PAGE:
Let's Make Robots!

Rover 5 tracked robot chassis with adjustable clearance

Chassis_size.jpg195.69 KB
Rover5_Arduino.zip4.11 KB
Vendor's Description: 

Rover 5 is a unique and powerful  tracked chassis designed by OddBot and produced by DAGU.


Motor rated voltage: 7.2V
Motor stall current: 2.5A
Output shaft stall torque: 10Kg/cm
Gearbox ratio: 86.8:1
Speed: 1Km/hr
Encoder type: Quadrature
Encoder resolution: 1000 state changes per 3 wheel rotations

Tips on using the encoders with sample code can be found here: http://letsmakerobots.com/node/24031

Video indoors autonomous: http://v.youku.com/v_show/id_XMjE5NzkwODA0.html
Video outdoors RC mode: http://v.youku.com/v_show/id_XMjIwMTkxODk2.html
Video mecanum wheels:  http://v.youku.com/v_show/id_XMjI2MDAwMDEy.html

Unlike conventional tracked chassis's you can adjust the clearance. Strechy rubber treads maintain tension as the clearance is changed.

The standard chassis comes with two motors and gearboxes. Each gearbox has an optical quadrature encoder with a resolution of 1000 state changes per 3 revolutions of the output shaft (333.33 pulses per revolution).

The chassis can be upgraded to 4 motors and gearboxes with encoders making it ideal for mecanum wheels such as those produced by FINGERTECH.

The chassis is compatible with Pololu's expansion plates for the RP5 chassis. These plates are ideal for mounting hardware on the chassis.

The gearbox angle can be changed in 5 degree increments and adaptors are available allowing standard RC car wheels to be fitted.

Currently we have a PCB designed to allow Arduino development boards (not included) Diecimila, Duemilanove, Nano and Mega to mount easily on the chassis. This PCB includes power supply, motor drivers with current sensing, IR sensors on each corner, 2 small breadboards, a pan/tilt kit with our IR compound eye and a large prototype area under the breadboards where custom circuitry can be fitted.

The photo below and video show the robot using an Arduino Mega which is not part of the kit.

See the attachments for basic dimensions and autonomous sample code.





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2 weeks ago, i bought this rover 5 with 4 motors and 4 encoders from local store in Indonesia. And i just had figure it out when i open the gearbox and find out the gear has no black and white pattern just like figure on datasheet pdf rover 5 tank.

Is it has no black and white pattern and personaly adding needed? Or it was factory issue?  And what a 4 black tube is in the center of the platform is sir? Is that a fuse ? os some like a noise filter?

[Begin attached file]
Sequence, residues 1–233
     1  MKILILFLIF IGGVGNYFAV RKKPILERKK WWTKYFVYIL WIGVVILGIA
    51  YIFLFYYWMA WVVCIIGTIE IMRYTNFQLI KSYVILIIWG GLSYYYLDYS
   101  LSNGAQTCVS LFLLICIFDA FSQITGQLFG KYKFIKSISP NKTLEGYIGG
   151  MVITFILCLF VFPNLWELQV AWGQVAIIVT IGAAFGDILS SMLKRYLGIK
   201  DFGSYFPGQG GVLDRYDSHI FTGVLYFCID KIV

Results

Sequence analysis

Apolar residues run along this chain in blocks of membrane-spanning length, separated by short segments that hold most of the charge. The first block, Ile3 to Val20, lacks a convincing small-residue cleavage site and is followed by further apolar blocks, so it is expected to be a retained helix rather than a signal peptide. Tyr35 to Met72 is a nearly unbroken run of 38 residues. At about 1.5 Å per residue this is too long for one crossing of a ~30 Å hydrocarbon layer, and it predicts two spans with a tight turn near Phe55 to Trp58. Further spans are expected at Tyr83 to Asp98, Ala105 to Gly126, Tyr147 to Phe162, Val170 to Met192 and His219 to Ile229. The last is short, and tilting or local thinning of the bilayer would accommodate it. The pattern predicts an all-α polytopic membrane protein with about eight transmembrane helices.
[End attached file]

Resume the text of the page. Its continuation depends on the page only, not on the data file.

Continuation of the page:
I'm sorry if my english not so good sir.




Only the old Rover 5 chassis's had optical encoders that needed the black and white pattern. The new encoders are all magnetic and use an 8-pole disc magnet stuck to the gear.

The 4 black tubes are inductors to help reduce electrical noise from the motors.

Is the magnetic encoder has the same resolution with the optical one sir? And is it ok if the gear has ever been removed? i mean, is there a zero position thing of this gear? I was trying to connected signal A to external interrupt pin microcontroller and signal B to and ordiinary input pin microcontroller. If the signal B had a logic 1, counter up and if 0 then counter down. And the result, i got 86 counter in 1 wheel rotation. How to use it sir? I think the manual of this rover 5 need to be updated whit a new one sir. Thanks

Oddbot has mentioned elsewhere the magnetic encoders have the same resolution as the optical encoders.

Your 86 is pretty close to the 83.3 full cycles one would expect from the encoders. Oddbot has a tutorial here on how to use quadrature encoders.

From what I've read, I think most Arduinos aren't fast enough to capture all the quadrature encoder interrupts and still have time to perform other tasks. I believe reading all four quadrature encoders requires a fast microcontroller. I used a Propeller in both of my Rover 5 projects.

Here's a link to my Rover 5 with treads. Here's my Mecanum wheeled Rover 5 project.

The arduino running at 16 MHz (the normal speed) processes close to 16 million instructions per second.  At 180 RPM on each wheel, using all four encoders, and the motors turning 180 RPM, there would be a total of right at 1000 interrupts per second.  With each interrupt taking about 20 instruction cycles, that would be 20000 out of 16000000 each second, or 00.125% of the total processing cycles available.  That amount is negligible.  Even horrible code that took 100 times longer would still leave over 87% of the processing cycles for other things.

Thank you very much for your reply. I'm very curious about this myself. Rather than hijack this thread, I started a forum thread to expand on what you told me.

You may have just saved me from a lot of unneeded work.

oops... sorry double post


I foolishly snapped a gear... do you know where I can purchase a replacement?  Anywhere in the world?

It was only foolish if you had no fun in the process.

Unfortunately there are no shops I know of that stock spare parts. Your best bet is to email Claudia at DAGU and request some replacement parts. Might be worth ordering a few extras as the postage will be higher than the cost of the part.

thank you!  she was very helpful!